The simple answer is yes: dehumidifier water is perfectly safe when watering plants.
But you should not use it on the water you intend to eat and never drink it yourself. The risk of heavy metal contamination alongside bacteria and mold spores makes it less than ideal for human consumption.
Alternative water sources are a pressing concern as temperatures continue to rise. In the U.S. alone, 30% of drinkable water irrigates outdoor private land. This is a colossal amount of water for a nation, with over a quarter of its land experiencing moderate to exceptional drought, according to the latest figures from the U.S Drought Monitor.
As many of us worldwide see restrictions on how much water we use to tend our plants and gardens during the warmer months, the water saved inside your dehumidifier reservoir can provide some much-needed liquid relief for your little (or big) green friends.
From houseplants to lawns, the water from your dehumidifier will provide all the hydration required for most of your plant life. Where you can draw the line, however, is using this water on plants you intend to eat.
While regular plants are hardy toward bacteria thanks to antimicrobial soil, the risk of cross-contamination can’t be ruled out if you eat them. Especially plants such as herbs, fruits and vegetables, which you may eat raw.
What is in dehumidifier water?
Before we look at what’s in the water collected by your dehumidifier, it’s best to understand where that water came from in the first place. As you will undoubtedly know, a dehumidifier draws excess water from your surrounding environment, helping to control moisture in hotspots such as steamy bathrooms or damp and dingy basements.
What you may not know is how your dehumidifier works this magic.
The first step in the process is to draw moisture-rich air into the unit using a large fan. The air then passes through a series of refrigerated coils, causing the water vapor to condense and become droplets too heavy to be suspended in the air, thus falling into the dehumidifier’s internal reservoir.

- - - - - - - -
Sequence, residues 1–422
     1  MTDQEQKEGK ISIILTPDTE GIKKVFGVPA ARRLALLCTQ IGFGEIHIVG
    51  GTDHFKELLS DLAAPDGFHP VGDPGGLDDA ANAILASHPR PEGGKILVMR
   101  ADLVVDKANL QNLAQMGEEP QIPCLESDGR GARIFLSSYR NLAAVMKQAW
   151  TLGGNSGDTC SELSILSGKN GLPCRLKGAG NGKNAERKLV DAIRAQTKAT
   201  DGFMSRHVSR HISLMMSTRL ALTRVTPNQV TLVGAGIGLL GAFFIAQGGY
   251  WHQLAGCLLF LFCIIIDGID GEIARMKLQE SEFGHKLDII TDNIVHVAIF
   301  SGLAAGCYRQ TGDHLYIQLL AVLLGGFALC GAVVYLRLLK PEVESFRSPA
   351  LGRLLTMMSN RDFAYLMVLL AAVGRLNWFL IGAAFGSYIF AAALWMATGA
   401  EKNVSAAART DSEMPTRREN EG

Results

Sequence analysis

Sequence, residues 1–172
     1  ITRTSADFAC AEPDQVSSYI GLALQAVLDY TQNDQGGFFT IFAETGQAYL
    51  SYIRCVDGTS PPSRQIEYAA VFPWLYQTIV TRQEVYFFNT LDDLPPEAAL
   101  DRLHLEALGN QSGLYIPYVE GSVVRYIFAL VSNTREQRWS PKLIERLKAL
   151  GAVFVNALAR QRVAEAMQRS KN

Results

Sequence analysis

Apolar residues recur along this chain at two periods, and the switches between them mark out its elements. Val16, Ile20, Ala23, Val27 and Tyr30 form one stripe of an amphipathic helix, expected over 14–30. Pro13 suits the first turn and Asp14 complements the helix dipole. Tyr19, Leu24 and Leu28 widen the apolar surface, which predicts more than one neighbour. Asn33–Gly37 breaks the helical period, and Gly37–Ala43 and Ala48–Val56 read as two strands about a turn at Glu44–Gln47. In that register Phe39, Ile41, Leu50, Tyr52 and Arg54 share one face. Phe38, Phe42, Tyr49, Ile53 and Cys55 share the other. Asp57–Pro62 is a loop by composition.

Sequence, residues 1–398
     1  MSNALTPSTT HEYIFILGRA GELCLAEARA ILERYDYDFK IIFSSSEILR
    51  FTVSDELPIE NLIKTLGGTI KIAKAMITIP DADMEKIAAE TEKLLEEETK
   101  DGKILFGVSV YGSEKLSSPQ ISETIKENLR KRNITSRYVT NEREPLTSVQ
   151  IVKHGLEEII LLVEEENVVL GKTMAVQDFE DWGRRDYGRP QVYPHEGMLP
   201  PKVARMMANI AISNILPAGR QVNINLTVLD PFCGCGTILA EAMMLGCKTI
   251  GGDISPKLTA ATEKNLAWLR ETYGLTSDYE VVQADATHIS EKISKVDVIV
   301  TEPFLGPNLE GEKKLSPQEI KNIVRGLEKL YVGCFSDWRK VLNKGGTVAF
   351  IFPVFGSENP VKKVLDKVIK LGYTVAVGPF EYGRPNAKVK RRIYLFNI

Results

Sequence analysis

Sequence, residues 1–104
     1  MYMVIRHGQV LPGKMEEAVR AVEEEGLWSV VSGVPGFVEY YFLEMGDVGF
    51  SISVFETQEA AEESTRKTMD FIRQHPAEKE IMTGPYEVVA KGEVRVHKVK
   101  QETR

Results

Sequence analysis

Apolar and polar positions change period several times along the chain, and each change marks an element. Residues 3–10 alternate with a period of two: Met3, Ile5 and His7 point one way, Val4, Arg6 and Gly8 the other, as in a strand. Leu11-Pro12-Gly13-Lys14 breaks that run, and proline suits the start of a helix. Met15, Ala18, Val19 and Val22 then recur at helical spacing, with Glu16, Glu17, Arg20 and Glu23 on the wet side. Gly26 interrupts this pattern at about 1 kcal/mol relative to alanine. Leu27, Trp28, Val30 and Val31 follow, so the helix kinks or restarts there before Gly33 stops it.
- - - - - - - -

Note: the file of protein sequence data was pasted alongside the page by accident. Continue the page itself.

Once the moisture has been removed, the air passes over warmer coils to reach room temperature before being expelled back into your space.
The technical term for this water collected by your dehumidifier. That doesn’t mean it contains sewerage or anything else unsavory; it just means it’s had a prior purpose, like the water you used to wash your dishes or your hands.
That being said, it’s impossible to rule out contamination from bacteria, mold or dust as the water is never boiled or treated during the dehumidification process and each of these pollutants is likely to be present in the air before it enters the appliance or emerge if left to stagnate in the tank.
Another concern raised when assessing dehumidifier water’s potential uses is that it may contain heavy metal contaminants. As the water vapor has been in close contact with the metal coils inside the unit, traces of copper, zinc and aluminum are possible, although minimal.
While you should not drink the water from your dehumidifier, it is a great source to water your plants. Just be sure to double-check the needs of your houseplants first, and don’t water any plants that you may later eat, as bacteria can be passed onto the plant and then digested by you.
For those suffering from high humidity in your home, check out our top dehumidifier recommendations and begin to water your plants sustainably today.